1f____21dConfusion about what Solomonoff priors can’t do: * “Even bits are all zero, odd bits are random”: The Turing machine that writes zero to all even bits and writes some hardcoded string to all odd bits is simpler than the Turing machine that writes one long hardcoded string, so it seems to me that the Solomonoff prior should learn that the even bits are all zero * The discussion there seemed to bleed into "what if the string of odd bits is uncomputable", which I think of as a separate field of confusion, so I'm still confused what intuition this example is supposed to be pumping exactly. * “Uncomputable priors”: The simplest uncomputable prior I can think of would be “the nth bit is 1 iff the nth Turing machine halts”. But the Turing machine that tries to runs the nth Turing machine for 10^10 steps and writes 1 if it halts, and otherwise writes 0 unless n is in some hardcoded list is reasonably simple, so it seems to me that the Solomonoff prior should learn this kind of thing to a reasonable degree * This works finitely long but eventually the Solomonoff prior won't be able to be confident in what the next bit is. But to me it's not obvious how we could do better than that, given that this is inherently computationally expensive * Priors like “Omega predicts my action”: I have no idea what a solomonoff prior does, but I also have no idea what infra-Bayesianism does. Specifically, I'm not sure if there's some specific way that infra-Bayesianism learns this hypothesis (and whether it can infer it from observations or whether you have to listen to Omega telling you that they predict your action)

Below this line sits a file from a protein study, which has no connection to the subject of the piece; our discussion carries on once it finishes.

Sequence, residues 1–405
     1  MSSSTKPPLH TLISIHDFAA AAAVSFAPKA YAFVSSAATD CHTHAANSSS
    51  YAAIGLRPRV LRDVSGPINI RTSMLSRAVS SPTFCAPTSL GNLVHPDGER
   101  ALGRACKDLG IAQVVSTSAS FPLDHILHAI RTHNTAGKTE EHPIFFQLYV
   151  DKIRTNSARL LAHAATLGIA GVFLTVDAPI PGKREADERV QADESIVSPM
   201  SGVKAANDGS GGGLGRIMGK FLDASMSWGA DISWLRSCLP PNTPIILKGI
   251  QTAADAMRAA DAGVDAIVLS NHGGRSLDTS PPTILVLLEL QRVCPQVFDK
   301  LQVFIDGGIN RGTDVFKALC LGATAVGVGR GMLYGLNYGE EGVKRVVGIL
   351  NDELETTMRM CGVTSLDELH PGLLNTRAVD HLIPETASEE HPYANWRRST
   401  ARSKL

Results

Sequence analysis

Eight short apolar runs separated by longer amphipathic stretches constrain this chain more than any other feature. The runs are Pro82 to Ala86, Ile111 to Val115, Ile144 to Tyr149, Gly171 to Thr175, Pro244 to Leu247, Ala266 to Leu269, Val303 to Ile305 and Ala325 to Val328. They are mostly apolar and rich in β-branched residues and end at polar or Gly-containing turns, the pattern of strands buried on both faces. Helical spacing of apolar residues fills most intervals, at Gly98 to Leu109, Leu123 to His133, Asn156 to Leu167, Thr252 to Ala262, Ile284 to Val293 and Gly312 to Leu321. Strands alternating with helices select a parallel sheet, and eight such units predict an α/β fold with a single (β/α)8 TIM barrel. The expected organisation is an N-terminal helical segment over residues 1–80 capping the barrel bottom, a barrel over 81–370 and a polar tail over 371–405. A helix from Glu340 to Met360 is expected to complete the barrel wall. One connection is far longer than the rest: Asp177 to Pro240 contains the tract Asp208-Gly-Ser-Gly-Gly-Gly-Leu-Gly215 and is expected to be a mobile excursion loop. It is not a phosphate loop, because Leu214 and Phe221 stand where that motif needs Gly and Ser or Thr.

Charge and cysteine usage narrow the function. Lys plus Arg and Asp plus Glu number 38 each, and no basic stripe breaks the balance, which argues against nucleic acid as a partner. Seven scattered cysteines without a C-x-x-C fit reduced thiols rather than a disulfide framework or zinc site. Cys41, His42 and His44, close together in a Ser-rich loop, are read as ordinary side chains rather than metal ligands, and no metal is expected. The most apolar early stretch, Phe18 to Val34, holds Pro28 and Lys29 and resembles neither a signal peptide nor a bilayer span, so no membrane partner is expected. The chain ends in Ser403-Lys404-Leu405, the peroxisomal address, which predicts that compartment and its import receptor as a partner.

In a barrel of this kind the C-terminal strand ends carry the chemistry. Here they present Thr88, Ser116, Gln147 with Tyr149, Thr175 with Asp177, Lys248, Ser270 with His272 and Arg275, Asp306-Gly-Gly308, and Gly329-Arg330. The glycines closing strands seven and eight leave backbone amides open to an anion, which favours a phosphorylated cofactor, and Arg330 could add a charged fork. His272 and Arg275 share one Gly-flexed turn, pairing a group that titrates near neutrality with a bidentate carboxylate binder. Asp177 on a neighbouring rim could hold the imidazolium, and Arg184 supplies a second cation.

3AlexMennen21dThe Nirvana trick seems like a cheap hack, and I'm curious if there's a way to see it as good reasoning. One response to this was that predicting Nirvana in some circumstance is equivalent to predicting that there are no possible futures in that circumstance, which is a sensible thing to say as a prediction that that circumstance is impossible.